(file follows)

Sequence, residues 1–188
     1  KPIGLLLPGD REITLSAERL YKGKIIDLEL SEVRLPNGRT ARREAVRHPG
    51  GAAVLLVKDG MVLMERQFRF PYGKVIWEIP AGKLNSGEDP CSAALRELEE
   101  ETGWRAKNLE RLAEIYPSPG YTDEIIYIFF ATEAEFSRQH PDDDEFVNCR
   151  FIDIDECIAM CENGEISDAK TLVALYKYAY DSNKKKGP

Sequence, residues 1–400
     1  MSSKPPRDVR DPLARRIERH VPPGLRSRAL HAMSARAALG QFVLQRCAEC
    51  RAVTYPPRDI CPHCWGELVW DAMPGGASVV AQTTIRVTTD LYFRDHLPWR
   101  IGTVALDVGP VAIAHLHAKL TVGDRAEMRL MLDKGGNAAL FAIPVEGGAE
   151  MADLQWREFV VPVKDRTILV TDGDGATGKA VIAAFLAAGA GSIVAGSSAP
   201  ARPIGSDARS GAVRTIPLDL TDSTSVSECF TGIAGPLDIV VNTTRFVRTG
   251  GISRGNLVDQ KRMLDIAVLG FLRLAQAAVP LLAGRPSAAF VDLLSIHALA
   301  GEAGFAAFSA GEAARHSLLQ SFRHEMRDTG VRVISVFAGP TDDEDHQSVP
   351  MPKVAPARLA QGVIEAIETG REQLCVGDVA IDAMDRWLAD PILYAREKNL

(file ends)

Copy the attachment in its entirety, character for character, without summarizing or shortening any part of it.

Sequence, residues 1–188
     1  KPIGLLLPGD REITLSAERL YKGKIIDLEL SEVRLPNGRT ARREAVRHPG
    51  GAAVLLVKDG MVLMERQFRF PYGKVIWEIP AGKLNSGEDP CSAALRELEE
   101  ETGWRAKNLE RLAEIYPSPG YTDEIIYIFF ATEAEFSRQH PDDDEFVNCR
   151  FIDIDECIAM CENGEISDAK TLVALYKYAY DSNKKKGP

Sequence, residues 1–400
     1  MSSKPPRDVR DPLARRIERH VPPGLRSRAL HAMSARAALG QFVLQRCAEC
    51  RAVTYPPRDI CPHCWGELVW DAMPGGASVV AQTTIRVTTD LYFRDHLPWR
   101  IGTVALDVGP VAIAHLHAKL TVGDRAEMRL MLDKGGNAAL FAIPVEGGAE
   151  MADLQWREFV VPVKDRTILV TDGDGATGKA VIAAFLAAGA GSIVAGSSAP
   201  ARPIGSDARS GAVRTIPLDL TDSTSVSECF TGIAGPLDIV VNTTRFVRTG
   251  GISRGNLVDQ KRMLDIAVLG FLRLAQAAVP LLAGRPSAAF VDLLSIHALA
   301  GEAGFAAFSA GEAARHSLLQ SFRHEMRDTG VRVISVFAGP TDDEDHQSVP
   351  MPKVAPARLA QGVIEAIETG REQLCVGDVA IDAMDRWLAD PILYAREKNL